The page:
Yeah! You’re on the right track. Soon your chest will be rising like a loaf of bread. Give some weight gainer shakes a shot!

      • Mr 1500 January 24, 2013, 6:31 am

        Is it really possible to gain a pound+ of muscle with just one workout?

        I like Timothy Ferriss, but one of the things that turned me off about his “4 Hour Workout” book was that he claimed to make enormous muscle gains (20+ pounds in a month I think). It sounded ridiculous.

        However, if you say you can put on 1-2 pounds with just one workout, perhaps there is some credence to the claim.

        • Mr. Money Mustache January 24, 2013, 11:30 am

          Yes, believe it or not I DO maintain that 1-2 pounds assertion and I think that Tim’s experiment is completely accurate.

          But ther are some qualifications to it: people who are already well-trained will see decreasing results as they get towards their genetic potential. In my case, I have been much bigger in the past (200+ pounds), so I’m re-gaining muscle from a point well below my potential – I am in the “wimpy beginner’s quick gains” stage.

          On top of that, people who have lifted heavy things in the past still have some neuromuscular skill in making their muscles work hard.. meaning it can be easier to re-gain strength and weight rather than build it for the first time.

          Finally, I’m a bit taller and more calorie-intensive than average so the numbers fluctuate more quickly. I change by 5 pounds between morning and night, go down 10 pounds after a week of heavy carpentry and light eating, and re-gain quickly with workouts and heavy eating. On a lazy blogging day I hardly need to eat anything but a big bike ride or lifting session can trigger an immediate need for 4000 extra calories.

  • Aaron January 23, 2013, 10:15 am

    My son told me the other day that New Year’s resolutions are “stupid”. I think this is rather funny, since he is only 11. He says that people will just say they want to lose weight, go on a diet for a few days or weeks, but then give up and go back to their old ways.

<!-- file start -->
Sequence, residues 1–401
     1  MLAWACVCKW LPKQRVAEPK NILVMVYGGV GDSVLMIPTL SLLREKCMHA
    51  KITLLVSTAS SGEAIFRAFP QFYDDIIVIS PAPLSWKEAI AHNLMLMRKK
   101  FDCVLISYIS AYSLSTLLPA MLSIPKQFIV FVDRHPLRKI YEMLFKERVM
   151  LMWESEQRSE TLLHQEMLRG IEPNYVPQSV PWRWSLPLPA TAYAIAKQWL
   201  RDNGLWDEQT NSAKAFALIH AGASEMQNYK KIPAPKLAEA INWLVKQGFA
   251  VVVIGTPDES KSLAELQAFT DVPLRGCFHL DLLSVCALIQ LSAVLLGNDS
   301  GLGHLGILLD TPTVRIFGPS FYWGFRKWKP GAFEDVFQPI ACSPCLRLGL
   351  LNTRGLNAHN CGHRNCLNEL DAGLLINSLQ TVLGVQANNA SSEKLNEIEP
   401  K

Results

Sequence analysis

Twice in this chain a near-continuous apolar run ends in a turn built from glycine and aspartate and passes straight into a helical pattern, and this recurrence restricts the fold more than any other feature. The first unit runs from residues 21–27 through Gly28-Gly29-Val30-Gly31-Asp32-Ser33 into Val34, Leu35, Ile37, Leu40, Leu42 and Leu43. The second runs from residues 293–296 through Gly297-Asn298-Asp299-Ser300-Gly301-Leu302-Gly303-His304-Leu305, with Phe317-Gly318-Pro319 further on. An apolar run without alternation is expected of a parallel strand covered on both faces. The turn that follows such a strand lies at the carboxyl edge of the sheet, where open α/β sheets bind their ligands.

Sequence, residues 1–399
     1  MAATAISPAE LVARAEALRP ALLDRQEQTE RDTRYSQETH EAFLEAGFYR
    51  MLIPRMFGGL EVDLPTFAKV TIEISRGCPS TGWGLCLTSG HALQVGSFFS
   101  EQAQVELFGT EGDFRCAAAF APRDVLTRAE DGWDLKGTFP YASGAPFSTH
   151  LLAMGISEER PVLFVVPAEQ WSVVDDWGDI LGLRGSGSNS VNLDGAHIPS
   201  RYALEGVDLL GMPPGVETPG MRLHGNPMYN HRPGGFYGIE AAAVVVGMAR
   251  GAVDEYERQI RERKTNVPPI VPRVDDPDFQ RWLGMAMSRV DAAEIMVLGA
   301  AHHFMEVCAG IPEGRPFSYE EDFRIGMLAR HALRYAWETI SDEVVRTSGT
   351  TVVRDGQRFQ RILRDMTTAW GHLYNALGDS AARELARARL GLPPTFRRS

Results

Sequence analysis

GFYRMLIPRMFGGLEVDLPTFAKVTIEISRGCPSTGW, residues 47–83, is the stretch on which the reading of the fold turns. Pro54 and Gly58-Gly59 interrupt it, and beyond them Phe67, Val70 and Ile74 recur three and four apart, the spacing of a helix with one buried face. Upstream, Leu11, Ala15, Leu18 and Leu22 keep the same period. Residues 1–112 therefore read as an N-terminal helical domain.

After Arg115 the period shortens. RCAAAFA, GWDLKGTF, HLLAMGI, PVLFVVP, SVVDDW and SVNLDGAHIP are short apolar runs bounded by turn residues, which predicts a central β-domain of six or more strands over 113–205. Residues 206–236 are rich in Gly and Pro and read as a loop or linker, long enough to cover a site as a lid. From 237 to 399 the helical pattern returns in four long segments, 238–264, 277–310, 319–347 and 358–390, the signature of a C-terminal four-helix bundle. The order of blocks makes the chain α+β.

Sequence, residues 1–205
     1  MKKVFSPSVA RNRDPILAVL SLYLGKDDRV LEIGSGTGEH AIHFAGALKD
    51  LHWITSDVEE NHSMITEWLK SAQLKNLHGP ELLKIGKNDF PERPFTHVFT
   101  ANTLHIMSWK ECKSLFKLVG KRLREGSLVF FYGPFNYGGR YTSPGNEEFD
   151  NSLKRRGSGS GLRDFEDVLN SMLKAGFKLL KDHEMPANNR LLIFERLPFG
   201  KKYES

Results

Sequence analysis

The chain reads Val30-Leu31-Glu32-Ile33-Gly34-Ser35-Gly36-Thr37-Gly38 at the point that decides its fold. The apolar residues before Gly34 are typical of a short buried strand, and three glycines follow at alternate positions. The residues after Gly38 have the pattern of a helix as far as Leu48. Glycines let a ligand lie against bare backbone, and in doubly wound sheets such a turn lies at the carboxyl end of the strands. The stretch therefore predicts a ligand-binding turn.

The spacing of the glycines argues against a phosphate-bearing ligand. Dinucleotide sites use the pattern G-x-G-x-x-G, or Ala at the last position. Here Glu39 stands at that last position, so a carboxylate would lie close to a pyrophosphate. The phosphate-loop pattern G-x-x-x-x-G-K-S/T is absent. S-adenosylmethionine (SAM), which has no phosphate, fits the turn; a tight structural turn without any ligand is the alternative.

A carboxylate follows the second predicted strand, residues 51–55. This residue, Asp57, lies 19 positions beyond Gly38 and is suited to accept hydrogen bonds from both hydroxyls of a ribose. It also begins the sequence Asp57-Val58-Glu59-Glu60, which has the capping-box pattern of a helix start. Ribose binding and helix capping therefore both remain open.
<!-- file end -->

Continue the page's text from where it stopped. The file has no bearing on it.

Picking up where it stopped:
I told him I sort of agree with him. I’ve always had the theory that if you want to do something, if you have a goal for it and you decide you want to do it, there is no need to wait for a specific date. I usually start my New Year’s resolution (if I have one) in November. But I told him that sometimes the New Year’s resolution can be a good thing. It might just be the catalyst, the excuse, for someone to start a good habit. As long as they view it as a formation of a new habit, and not just a goal they need to reach and can go back to their old ways afterwards, then I think it can be a good thing that doesn’t end in disappointment.

  • CL January 23, 2013, 10:23 am

    I love how you track your progress. It reminds me of The Hacker’s Diet: http://www.fourmilab.ch/hackdiet/, where you weigh yourself every day. It was created by the guy who founded AutoDesk. I’m glad to see that you’ve progressed towards your goal and, as always, serve as an example to all of the Mustachians that we can achieve what we want to.

  • Spring January 23, 2013, 10:25 am

    Please book in ebook format, for those of us in the UK and elsewhere getting hold of books from the USA can be expensive. Also ebooks take up no space!

  • Jason January 23, 2013, 10:33 am

    The scrap yard I occasionally take metal to sells really, really cheap steel weight lifting weights. Not that the cinder blocks aren’t just as effective.

  • Simple Science Fitness January 23, 2013, 11:31 am